Kennedi Carter

Kennedi Carter captures dance and culture in Memphis, Tennessee

In town for a contest, the photographer documented the Southern city's unique energy and style.

by Marcella Camara
05 November 2021, 8:00am

Kennedi Carter

On a hot weekend in early October, photographers, journalists, content creators and influencers attended the Memphis leg of the Red Bull Dance Your Style freestyle dance regional qualifier. There was praise and reverence at the holy sights of Memphis’ legendary Soulsville neighbourhood, the ancestral home of many soul music pioneers, and the Lorraine Motel, the unwilling monument where Martin Luther King Jr. took his last breath. Those of us in attendance floated through the city, listening to blues classics performed like gospel on any given corner of historic Beale Street, and fellowshipping over cold beer and catfish in the back corners of dimly lit sugar shacks.

The benediction: a Sunday evening dance competition hosted at Memphis hangout, Railgarten. As the sun set, we gathered to watch Black and brown dancers with varying styles tell stories with their bodies, through movements and freestyle choreography that honoured the cities and communities they were from. With hopes to take home the trophy and head to Washington, D.C., for the final, dancers from Tennessee, Louisiana, Georgia and other neighbouring states put both their expertise and vulnerability front and centre, displaying the true spirit of dance as art and cultural memory.

Kennedi Carter, a photographer from North Carolina by way of Texas, took the following photos at the event.

A young boy’s side profile, wearing a cap upside down and back to front
Kaidyn, 7 year old jook dancer. When asked if he would like his picture taken, he said: “Yes! But let me go get my hat!”
A side portrait of a man wearing a bucket hat with his eyes obscured.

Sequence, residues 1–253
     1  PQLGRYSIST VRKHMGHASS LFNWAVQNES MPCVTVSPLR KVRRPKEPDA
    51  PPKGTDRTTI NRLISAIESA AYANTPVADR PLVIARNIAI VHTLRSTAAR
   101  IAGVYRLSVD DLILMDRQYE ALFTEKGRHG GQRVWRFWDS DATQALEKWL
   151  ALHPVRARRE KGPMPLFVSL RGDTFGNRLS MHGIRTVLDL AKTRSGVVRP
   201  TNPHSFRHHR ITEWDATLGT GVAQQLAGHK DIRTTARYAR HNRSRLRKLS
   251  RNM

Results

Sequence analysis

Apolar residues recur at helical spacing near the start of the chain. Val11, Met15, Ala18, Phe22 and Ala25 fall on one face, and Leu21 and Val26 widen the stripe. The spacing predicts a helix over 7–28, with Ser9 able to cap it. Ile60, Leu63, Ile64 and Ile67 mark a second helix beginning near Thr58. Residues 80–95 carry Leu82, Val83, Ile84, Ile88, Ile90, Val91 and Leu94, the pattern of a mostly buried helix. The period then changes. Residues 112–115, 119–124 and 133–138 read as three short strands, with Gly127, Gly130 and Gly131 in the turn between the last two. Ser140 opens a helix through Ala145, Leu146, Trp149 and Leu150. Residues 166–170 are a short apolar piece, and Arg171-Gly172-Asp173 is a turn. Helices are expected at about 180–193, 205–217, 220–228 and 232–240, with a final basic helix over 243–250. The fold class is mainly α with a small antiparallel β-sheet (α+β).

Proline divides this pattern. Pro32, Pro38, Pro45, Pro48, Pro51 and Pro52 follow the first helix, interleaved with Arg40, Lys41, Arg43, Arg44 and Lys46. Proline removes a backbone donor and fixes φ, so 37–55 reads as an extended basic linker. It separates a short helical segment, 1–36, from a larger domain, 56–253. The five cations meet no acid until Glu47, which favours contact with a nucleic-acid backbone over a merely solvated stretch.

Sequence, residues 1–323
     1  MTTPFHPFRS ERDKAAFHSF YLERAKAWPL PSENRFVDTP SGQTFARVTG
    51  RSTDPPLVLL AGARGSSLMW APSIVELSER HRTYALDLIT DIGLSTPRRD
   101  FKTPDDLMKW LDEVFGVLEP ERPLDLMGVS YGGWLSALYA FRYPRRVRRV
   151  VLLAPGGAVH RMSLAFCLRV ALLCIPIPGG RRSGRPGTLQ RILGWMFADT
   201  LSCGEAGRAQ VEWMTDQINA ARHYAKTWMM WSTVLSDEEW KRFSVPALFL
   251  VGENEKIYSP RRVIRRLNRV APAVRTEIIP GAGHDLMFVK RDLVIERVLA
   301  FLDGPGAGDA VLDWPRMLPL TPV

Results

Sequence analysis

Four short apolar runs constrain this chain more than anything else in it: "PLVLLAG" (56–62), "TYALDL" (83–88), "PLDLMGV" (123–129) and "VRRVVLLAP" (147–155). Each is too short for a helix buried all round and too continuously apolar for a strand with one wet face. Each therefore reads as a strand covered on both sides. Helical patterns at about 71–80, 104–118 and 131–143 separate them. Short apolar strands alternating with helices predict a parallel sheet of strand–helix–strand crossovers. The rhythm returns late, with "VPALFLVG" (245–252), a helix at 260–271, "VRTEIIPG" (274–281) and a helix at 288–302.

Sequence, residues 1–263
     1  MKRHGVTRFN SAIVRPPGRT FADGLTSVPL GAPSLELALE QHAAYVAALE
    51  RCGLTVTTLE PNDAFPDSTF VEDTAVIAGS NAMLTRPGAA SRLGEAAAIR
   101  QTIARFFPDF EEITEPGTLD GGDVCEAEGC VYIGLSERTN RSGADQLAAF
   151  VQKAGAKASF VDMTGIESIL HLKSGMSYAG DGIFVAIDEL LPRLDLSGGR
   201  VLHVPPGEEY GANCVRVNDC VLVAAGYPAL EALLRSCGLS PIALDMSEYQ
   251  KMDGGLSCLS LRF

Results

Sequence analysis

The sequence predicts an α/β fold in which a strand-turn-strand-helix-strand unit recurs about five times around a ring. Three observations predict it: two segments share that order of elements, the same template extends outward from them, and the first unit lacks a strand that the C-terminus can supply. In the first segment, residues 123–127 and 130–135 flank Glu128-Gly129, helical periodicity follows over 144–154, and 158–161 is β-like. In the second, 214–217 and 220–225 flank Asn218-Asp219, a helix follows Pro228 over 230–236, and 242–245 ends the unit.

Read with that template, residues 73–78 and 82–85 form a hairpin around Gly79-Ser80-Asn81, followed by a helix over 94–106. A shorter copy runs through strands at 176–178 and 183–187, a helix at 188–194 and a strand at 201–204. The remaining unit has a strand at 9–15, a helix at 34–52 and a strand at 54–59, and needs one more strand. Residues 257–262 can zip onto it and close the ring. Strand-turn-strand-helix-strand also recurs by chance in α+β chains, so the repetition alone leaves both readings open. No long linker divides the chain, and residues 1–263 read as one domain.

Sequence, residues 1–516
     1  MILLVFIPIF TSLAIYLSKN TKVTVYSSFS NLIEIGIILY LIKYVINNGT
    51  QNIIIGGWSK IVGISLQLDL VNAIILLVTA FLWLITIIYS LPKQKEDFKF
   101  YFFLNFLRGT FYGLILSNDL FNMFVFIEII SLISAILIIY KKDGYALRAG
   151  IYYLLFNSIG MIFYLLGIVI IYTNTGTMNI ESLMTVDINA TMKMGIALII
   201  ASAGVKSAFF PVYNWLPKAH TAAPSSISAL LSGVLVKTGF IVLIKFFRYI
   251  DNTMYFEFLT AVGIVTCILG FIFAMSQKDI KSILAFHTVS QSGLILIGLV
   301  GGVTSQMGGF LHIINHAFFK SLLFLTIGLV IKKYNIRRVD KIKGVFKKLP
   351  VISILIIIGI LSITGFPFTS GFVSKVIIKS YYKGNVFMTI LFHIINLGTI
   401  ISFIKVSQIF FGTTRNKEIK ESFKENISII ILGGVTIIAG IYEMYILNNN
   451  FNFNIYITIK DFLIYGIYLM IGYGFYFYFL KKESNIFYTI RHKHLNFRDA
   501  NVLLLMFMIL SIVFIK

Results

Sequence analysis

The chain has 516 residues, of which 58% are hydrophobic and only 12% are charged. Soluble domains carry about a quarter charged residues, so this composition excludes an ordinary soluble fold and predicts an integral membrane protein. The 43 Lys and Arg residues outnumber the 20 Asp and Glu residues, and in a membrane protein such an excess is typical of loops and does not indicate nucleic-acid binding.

“When I dance it’s like an out of body experience. makes you do moves you don’t even know you can do.” – A god, freestyle hip hop dancer from Memphis, TN.
Four women wearing white hooded sweatshirts posing on the floor.
“We’re a group of mutual friends who wanted to connect dancers across Louisiana and bridge the gap” – The women of L.A Mix, a Louisiana based dance troupe featuring dancers ages 16 to 30, after their dance qualifiers intermission permission.
A side portrait of a man wearing a backwards cap while playing a guitar
A front portrait of a man with curly hair wearing a cap.
Wild Bills Juke Joint. Memphis, TN. 2021.
A portrait of a man sitting in a car, wearing a white hat and a diamond chain.
Two men pictured standing by an open car door with a sign in the background.
Flexin’ on Beale Street. Memphis, TN. 2021
A portrait of two men, the man on the right resting his arm on the man on the left's shoulder.
Raymond Turner and Tobias Griffin of Louisiana's L.A Mix
A portrait of a man wearing a flat cap playing a harmonica
Vince Johnson plays his harmonica on Beale St. after an afternoon set at BB King’s Blues Club. Memphis, TN. 2021
A CD case on a table covered in graffiti.
BB Kings Blues Club. Beale St, Memphis, TN. 2021.
A blurry picture of a crowd of people dancing.
Background dancers and excited audience members join the stage during New Orlean’s legend HaSizzle’s intermission performance.
A poster on wall advertising a concert from 1969.
Stax Museum of American Soul. 2021
A neon sign for a motel.
Lorraine Motel and Civil Rights Museum. Memphis, TN. 2021.
A close up of a car bonnet with a logo.
"All gold everything" – Isaac Hayes’ gold plated 1972 Cadillac El Dorado. Stax Museum. 2021.


All images courtesy of Kennedi Carter